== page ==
How to Handle Job Interview Stress
Are you looking for a job and stressed over interviewing? You're not alone. Job interviews can be tough, even if you have gone on a lot of them. The high level of anxiety around interviewing can make life difficult, and even sabotage your chances of landing a job.
Some anxiety around interviews is normal and can sharpen your focus as a candidate. On the other hand, if you're stressed, you're not going to interview well.
The key to interview success is to keep anxiety under control, so the level of stress is manageable. Here are some tips for managing pre-interview and during the job interview jitters, so you can more easily handle and avoid stress, and ace your interviews.
Prepare in Advance
Thorough preparation can go a long way toward easing interview stress. Identify your most relevant skills, and be ready to share examples or anecdotes showing how you applied those strengths to work, volunteer, academic or co-curricular roles, and how you have generated some positive results. Here are tips on how to prepare for a job interview. If you are interviewing out of town or in another state, there are some more steps you can take to prepare for a successful interview.
If you're an introvert, interviews can be really stressful. Review these interview tips for introverts to help you get ready.
Research the Company
Research your target company thoroughly, and be prepared to share why the employer and job in focus match your interests. Here's how to research a company.
Practice Your Interview Skills
The adage "practice makes perfect" applies to interviews. The more familiar interviewing feels to you, the less anxiety you will feel about the process. Meet with advisers, mentors, and friends for mock or practice interviews. Conduct as many informational interviews as possible with alumni or personal contacts to gain confidence in sharing information about your background.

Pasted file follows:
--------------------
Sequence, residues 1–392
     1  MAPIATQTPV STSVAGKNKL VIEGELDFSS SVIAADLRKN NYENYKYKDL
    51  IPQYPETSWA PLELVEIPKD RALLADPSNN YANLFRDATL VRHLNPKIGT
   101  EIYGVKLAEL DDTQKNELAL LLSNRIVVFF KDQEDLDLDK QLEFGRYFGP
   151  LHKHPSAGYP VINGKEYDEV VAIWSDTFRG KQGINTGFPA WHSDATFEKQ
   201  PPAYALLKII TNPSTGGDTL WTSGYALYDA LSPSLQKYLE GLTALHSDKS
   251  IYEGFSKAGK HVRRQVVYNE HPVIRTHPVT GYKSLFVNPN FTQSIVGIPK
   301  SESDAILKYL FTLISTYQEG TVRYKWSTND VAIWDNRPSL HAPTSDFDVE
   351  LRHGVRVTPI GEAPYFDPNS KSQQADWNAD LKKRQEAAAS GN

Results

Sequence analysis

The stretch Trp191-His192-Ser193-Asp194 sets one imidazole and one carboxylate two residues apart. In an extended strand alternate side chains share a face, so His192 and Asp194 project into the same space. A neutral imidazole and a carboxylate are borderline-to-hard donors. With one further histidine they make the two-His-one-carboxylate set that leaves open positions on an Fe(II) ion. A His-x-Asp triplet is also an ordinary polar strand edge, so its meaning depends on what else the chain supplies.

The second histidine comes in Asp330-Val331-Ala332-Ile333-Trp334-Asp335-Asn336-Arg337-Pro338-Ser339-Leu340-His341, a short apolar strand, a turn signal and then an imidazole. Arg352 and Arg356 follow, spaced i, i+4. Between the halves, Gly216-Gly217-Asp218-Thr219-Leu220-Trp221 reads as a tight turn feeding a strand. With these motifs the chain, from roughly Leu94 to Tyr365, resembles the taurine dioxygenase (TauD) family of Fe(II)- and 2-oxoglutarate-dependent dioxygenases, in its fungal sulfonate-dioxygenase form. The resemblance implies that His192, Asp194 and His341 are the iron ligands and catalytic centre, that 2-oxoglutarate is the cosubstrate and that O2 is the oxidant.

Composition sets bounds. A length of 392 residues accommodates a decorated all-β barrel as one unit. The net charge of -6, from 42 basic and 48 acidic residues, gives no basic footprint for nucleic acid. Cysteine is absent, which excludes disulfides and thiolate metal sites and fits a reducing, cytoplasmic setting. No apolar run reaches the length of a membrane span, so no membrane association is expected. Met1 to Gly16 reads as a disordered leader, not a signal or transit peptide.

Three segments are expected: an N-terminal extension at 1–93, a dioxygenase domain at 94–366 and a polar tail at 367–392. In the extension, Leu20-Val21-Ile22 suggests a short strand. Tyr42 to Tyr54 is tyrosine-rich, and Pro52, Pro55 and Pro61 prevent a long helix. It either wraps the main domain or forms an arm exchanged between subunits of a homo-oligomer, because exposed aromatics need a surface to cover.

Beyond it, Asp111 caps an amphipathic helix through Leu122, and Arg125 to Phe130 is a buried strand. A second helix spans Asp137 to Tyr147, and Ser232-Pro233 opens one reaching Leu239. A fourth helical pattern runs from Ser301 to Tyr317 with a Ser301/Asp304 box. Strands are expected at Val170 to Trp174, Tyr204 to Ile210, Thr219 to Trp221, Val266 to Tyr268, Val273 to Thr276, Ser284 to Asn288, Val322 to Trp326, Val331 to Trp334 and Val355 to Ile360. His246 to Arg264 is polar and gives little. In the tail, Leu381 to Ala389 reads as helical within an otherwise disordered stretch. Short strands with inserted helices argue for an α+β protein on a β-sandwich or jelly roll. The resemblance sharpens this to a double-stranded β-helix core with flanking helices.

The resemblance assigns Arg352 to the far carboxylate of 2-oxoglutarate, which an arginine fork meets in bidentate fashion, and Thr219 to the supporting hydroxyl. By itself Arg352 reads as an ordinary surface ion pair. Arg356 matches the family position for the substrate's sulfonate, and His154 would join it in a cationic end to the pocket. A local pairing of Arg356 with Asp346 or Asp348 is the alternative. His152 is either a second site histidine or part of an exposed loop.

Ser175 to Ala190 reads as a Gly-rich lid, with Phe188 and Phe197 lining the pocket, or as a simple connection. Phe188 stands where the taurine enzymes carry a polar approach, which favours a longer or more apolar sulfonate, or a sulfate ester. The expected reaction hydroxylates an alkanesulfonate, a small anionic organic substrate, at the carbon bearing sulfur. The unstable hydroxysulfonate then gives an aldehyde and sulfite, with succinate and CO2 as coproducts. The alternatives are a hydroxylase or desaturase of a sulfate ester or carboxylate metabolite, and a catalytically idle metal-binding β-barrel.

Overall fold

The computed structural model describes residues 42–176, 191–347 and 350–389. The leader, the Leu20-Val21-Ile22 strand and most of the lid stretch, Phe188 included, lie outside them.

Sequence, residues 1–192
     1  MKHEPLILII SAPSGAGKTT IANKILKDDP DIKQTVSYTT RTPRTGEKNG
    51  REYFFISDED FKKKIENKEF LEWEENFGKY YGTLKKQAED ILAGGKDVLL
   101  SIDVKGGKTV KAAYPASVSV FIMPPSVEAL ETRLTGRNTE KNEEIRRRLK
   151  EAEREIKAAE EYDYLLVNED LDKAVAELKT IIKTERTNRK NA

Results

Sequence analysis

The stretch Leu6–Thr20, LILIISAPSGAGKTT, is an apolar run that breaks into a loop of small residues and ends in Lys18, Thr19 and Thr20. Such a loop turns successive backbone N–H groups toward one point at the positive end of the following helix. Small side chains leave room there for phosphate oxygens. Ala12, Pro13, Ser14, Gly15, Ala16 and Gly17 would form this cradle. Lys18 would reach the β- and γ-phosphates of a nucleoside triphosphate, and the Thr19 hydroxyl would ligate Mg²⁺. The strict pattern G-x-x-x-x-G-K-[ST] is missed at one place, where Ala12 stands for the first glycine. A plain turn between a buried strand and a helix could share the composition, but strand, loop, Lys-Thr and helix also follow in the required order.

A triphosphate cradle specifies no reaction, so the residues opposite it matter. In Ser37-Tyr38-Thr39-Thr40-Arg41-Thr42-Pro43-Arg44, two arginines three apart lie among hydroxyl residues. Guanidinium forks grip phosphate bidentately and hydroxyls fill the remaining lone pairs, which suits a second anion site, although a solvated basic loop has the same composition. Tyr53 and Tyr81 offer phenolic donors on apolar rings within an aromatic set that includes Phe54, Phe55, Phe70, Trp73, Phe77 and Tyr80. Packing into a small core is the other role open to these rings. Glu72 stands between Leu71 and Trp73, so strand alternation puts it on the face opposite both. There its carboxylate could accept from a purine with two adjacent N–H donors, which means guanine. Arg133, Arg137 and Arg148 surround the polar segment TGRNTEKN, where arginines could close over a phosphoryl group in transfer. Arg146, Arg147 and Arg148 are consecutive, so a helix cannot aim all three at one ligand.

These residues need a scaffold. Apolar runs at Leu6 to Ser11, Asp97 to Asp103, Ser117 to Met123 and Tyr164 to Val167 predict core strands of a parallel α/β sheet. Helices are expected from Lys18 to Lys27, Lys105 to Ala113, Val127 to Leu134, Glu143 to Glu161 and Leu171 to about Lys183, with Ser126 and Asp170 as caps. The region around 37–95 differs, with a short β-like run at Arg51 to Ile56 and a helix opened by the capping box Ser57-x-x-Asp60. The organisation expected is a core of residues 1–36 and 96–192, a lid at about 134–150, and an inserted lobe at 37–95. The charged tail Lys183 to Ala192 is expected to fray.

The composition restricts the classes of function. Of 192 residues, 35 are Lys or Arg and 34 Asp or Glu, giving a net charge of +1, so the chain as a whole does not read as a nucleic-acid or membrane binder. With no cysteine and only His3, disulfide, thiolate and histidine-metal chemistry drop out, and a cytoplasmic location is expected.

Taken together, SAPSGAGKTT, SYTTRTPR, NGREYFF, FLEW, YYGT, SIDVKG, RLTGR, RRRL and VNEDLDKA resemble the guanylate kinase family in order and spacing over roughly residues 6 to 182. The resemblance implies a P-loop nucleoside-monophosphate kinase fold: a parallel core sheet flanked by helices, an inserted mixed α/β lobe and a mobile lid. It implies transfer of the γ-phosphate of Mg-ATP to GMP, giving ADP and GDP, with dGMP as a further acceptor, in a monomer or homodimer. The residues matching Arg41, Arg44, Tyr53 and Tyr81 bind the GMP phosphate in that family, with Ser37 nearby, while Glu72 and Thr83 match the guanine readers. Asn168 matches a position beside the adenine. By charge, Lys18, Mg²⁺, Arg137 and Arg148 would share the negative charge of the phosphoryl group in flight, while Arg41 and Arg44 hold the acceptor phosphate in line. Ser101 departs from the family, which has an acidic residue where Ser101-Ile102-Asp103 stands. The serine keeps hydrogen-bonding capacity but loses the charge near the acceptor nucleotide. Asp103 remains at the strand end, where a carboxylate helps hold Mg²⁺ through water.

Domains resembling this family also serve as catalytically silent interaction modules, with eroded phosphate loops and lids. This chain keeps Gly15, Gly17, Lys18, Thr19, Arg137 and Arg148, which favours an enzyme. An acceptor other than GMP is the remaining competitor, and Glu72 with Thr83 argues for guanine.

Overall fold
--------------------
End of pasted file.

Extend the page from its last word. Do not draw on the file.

Don't Count on This Job
Conduct a vigorous job search to generate as many interviews as possible. The stress associated with any single interview will likely be lower if you have many other irons in the fire. Here's more on how to job search effectively.
Try to Avoid Negative Thinking
Stress around interviews is often influenced by our assumptions or the statements we make to ourselves about the process. Identifying and countering anxiety-provoking thoughts can help to lower levels of anxiety. Some of the negative thoughts that can up your anxiety level include:
"I have to land this job, or I will be hopelessly unemployed."
- Counter this thinking with statements emphasizing that no one interview will determine your work future. There will be other options and other chances to land a good job.
"I just messed up that answer, I'm toast, and I'll never be hired here."
- One poor answer normally does not knock a candidate out of consideration. An interview is like a test, getting an 85 or 90 might be good enough to land the job.
"I'm afraid that they will ask me a question which stumps me and I'll look foolish."
- If you are well prepared, you will normally be able to share some answer which reflects positively on your strengths. If you are truly stumped, then say something like "That's a great question, can I give that some additional consideration and get back to you?" You might even supply the answer in question as part of your follow up communication.
"There's no way I'm qualified for this job."
- Mentally review your qualifications repeatedly prior to the interview to convince yourself that you have the right stuff.
Focus on Success
Many athletic and job coaches believe that visualizing images of success can improve performance and alleviate anxiety. Try frequently imagining positive interactions with your interviewer, particularly in the hours immediately before your interview.
Counselors recommend relaxation techniques, such as progressive muscle relaxation or breathing exercises as a way to manage anxiety.
There are other strategies you can use to handle job search stress, as well. If your anxiety around interviewing is excessive, then you might consider engaging a psychologist in identifying the underlying issues and helping you to develop effective coping strategies.
One other point to remember is that if you don't get this job, there will be another one. It just wasn't meant to me. Consider it a learning experience and move forward to the next opportunity.